the Colonial pipeline hack
I’ve been noticing recently that the Bloomberg radio presenters on the pre-opening show have become increasingly frantic, emotional and nonsensical in doing their jobs. This is despite the fact that both are experienced and knowledgeable. I presume the attempt to channel their inner Fox News isn’t an accident, but comes from a calculation by management that becoming less fact-based and rational will boost ratings. Weird for a Mike Bloomberg operation.
In any event, the most recent topic is the supposed threat of runaway inflation, on which their sensationalism makes no sense at all, in my view. What I found much more interesting, both on Bloomberg and CNBC yesterday, was interviews with a representative of the Gas Buddy app about the effect of the Colonial ransomware attack–which contradicted the Bloomberg narrative of a rip-roaring shortage rolling its way up the east coast to threaten the Mid-Atlantic states and New England.
The Gas Buddy story: there’s plenty of gasoline in local depot storage on the East Coast. Not at gas stations, though. In Georgia, for example, gasoline purchases for Sunday-Wednesday are 60% above normal. In the Carolinas, the figure is +40%. According to GB, people are not only filling up their vehicles but hoarding by loading up auxiliary tanks and gas cans as well. So many gas stations have run dry. Resupply demand has far outpaced the ability of gasoline trucks to ferry fuel from depot storage.
This is not inflation. If anything, it’s a small addition to the momentum building for a switch to electric vehicles. It’s also a cautionary tale about our reliance on public utilities that have inadequate cyber security protection, despite years of discussion about this vulnerability.
My first stock market job was as a natural resources analyst. I started out with oil and gas, then added gold and diamonds, and finally base metals–which is the supposed inflation culprit today.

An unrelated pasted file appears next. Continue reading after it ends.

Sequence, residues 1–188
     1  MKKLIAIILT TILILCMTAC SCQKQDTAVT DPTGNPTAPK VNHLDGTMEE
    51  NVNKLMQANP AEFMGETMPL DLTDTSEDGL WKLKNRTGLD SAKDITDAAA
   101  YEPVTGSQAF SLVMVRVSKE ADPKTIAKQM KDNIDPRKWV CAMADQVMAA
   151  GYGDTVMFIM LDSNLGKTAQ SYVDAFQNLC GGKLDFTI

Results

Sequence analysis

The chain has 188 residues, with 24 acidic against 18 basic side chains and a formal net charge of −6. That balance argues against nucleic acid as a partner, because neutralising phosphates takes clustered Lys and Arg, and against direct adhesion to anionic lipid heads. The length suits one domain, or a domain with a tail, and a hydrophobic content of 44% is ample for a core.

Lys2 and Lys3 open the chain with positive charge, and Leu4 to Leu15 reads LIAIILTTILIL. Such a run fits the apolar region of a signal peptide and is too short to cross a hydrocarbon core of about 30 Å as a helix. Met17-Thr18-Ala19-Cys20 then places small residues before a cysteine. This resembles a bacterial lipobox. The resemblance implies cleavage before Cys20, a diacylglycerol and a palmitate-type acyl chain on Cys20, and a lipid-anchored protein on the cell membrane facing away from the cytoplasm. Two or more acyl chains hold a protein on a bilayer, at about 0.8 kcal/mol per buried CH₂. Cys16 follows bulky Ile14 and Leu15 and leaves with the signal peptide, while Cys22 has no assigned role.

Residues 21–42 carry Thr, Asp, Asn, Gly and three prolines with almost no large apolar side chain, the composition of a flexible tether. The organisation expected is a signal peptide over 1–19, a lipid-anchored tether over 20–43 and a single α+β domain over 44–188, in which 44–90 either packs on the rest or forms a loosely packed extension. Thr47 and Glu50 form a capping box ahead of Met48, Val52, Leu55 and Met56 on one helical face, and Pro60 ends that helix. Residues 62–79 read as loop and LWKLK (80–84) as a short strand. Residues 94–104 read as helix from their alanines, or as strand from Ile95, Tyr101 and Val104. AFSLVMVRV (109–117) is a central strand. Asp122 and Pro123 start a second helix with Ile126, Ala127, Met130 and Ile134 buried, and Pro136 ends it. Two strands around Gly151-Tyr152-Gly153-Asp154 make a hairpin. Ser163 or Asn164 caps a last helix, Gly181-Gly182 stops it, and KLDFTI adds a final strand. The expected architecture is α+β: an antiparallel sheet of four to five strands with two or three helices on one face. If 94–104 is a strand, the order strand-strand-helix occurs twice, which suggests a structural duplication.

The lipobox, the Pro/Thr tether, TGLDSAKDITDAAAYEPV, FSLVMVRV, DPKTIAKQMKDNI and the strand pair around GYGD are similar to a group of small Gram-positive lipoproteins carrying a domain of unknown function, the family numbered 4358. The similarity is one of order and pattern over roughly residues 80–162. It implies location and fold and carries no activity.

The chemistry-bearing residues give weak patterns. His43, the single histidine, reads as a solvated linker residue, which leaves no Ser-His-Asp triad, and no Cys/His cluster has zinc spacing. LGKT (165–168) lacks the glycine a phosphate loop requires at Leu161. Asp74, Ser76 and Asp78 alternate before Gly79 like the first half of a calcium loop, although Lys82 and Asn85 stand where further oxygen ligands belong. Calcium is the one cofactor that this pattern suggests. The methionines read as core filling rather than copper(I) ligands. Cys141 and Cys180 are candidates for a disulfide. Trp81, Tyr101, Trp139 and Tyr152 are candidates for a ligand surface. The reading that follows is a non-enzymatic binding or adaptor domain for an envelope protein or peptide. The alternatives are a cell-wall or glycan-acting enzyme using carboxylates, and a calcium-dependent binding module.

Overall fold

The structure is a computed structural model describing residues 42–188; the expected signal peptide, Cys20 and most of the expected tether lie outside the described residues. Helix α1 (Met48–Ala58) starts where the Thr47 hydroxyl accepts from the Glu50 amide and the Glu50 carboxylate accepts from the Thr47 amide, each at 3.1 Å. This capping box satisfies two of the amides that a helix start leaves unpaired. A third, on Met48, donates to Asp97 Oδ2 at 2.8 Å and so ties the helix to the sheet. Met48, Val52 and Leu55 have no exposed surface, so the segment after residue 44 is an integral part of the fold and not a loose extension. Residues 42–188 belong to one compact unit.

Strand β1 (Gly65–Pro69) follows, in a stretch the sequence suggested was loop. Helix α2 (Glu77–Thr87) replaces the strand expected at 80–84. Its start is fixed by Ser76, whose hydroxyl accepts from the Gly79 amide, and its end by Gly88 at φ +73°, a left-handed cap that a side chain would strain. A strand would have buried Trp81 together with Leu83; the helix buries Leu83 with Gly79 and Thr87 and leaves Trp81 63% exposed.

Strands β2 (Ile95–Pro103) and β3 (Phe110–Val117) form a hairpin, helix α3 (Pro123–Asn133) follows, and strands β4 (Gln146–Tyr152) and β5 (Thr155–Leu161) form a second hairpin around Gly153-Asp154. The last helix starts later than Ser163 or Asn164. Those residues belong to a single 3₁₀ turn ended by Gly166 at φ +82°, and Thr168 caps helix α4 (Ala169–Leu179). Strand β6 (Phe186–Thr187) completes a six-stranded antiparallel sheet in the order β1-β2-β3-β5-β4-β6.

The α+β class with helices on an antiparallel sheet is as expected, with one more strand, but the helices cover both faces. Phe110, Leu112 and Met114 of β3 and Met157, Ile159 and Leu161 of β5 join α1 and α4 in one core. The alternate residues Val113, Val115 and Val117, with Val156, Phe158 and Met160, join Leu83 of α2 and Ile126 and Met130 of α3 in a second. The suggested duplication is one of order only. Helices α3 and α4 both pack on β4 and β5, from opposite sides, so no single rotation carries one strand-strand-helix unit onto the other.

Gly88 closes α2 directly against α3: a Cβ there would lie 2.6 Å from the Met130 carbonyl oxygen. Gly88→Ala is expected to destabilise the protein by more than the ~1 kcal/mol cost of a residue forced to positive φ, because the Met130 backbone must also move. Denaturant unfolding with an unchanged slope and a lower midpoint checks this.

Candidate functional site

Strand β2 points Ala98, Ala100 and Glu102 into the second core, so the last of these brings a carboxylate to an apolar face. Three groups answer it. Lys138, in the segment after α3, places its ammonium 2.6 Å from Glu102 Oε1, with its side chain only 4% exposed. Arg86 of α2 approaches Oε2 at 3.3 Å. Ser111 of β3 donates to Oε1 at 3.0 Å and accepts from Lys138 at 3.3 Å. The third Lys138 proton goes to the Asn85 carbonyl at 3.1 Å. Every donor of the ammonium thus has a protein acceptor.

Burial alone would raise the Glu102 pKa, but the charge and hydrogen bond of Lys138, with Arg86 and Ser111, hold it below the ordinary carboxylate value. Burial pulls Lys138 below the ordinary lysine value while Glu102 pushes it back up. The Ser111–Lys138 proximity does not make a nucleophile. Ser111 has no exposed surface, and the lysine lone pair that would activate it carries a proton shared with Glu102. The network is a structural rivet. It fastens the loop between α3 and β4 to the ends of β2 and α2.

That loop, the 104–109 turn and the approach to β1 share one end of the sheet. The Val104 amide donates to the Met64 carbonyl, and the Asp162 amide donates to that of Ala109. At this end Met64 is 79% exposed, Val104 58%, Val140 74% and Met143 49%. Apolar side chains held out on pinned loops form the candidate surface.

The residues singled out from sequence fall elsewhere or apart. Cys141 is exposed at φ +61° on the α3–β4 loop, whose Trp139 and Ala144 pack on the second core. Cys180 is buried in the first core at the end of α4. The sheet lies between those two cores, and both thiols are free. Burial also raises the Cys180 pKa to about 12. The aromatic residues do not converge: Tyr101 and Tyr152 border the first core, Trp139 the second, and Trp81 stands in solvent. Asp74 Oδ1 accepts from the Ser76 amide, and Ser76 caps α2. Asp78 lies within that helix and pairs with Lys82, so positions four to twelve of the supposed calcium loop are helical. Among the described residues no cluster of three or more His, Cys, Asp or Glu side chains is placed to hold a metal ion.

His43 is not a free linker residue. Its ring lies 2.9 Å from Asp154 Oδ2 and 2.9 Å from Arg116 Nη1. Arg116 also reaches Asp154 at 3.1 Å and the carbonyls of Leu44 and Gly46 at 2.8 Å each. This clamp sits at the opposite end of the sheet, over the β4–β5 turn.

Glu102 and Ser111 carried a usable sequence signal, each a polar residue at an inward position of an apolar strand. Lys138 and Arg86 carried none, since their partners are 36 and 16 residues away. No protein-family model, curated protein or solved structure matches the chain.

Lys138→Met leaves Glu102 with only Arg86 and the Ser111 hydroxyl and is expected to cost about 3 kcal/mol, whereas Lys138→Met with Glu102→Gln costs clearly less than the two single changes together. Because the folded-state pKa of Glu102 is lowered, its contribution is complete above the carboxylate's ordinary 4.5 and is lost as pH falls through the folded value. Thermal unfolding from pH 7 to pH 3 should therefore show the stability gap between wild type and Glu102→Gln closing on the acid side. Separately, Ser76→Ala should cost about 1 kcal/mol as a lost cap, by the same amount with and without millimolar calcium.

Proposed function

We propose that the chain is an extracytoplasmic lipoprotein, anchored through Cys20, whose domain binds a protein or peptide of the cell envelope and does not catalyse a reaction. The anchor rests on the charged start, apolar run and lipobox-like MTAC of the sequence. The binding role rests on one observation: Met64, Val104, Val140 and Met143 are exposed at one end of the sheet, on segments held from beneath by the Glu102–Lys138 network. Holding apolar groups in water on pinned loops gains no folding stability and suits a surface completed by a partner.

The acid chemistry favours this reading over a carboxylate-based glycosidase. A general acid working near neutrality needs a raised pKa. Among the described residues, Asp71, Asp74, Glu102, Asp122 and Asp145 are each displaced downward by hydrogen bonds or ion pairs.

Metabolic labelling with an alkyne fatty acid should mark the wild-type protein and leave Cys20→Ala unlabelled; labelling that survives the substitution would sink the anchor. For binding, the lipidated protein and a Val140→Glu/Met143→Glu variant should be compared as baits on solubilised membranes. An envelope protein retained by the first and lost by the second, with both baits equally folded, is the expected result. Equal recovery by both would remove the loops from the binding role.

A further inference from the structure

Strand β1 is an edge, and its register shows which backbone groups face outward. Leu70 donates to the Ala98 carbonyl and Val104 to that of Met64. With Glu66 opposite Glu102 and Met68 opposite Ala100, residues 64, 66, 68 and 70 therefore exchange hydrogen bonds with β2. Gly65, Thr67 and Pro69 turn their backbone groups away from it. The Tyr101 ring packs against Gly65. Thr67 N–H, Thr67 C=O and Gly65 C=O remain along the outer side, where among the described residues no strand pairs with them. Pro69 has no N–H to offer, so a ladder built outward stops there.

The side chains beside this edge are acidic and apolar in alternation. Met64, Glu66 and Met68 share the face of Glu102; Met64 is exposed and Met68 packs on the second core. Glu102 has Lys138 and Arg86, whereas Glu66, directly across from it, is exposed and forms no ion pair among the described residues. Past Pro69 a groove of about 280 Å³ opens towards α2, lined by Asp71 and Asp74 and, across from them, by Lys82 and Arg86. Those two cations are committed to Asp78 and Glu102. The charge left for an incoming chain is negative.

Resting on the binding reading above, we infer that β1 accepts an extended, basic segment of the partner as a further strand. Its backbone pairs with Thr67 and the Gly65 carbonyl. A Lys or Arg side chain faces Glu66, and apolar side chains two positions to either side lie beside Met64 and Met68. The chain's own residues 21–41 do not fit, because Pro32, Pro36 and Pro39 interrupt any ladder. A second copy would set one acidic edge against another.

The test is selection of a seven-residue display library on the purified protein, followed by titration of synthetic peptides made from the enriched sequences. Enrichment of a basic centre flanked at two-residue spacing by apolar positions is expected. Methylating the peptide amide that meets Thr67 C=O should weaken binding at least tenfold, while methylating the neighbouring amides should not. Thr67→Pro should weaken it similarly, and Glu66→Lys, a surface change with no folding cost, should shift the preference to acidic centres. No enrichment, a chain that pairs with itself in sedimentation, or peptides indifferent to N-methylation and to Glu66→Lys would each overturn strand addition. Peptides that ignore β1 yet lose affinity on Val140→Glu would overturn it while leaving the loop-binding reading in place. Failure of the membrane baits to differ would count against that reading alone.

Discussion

The most important thing about mined resources (including oil and gas) is that only oil/gas and iron/steel are big enough to rate their own entries in the national accounts. At the current $10,000+ per metric ton (which is a huge increase over last year), the US will use about $17 billion worth of copper this year. That’s about 0.08% of total US spending this year, up from something like 0.05% in 2020. This is like a rounding error. It’s not runaway inflation.
What’s the most interesting for us as investors about copper, I think, is that, like other base metals, China is by far the largest consumer in the world. So the price rise is evidence of strong growth in industrial activity there. About two decades ago there was a years-long bull market in industrial metals driven by Chinese economic growth. The possibility that we’re in another period like that is probably worth looking at.
My point remains that we’re not in 1970s-style, nor any of the more extreme instances of out-of-control general price rises, as we’ve seen elsewhere in the Americas or in Weimar Germany.
One sore point, though: semiconductors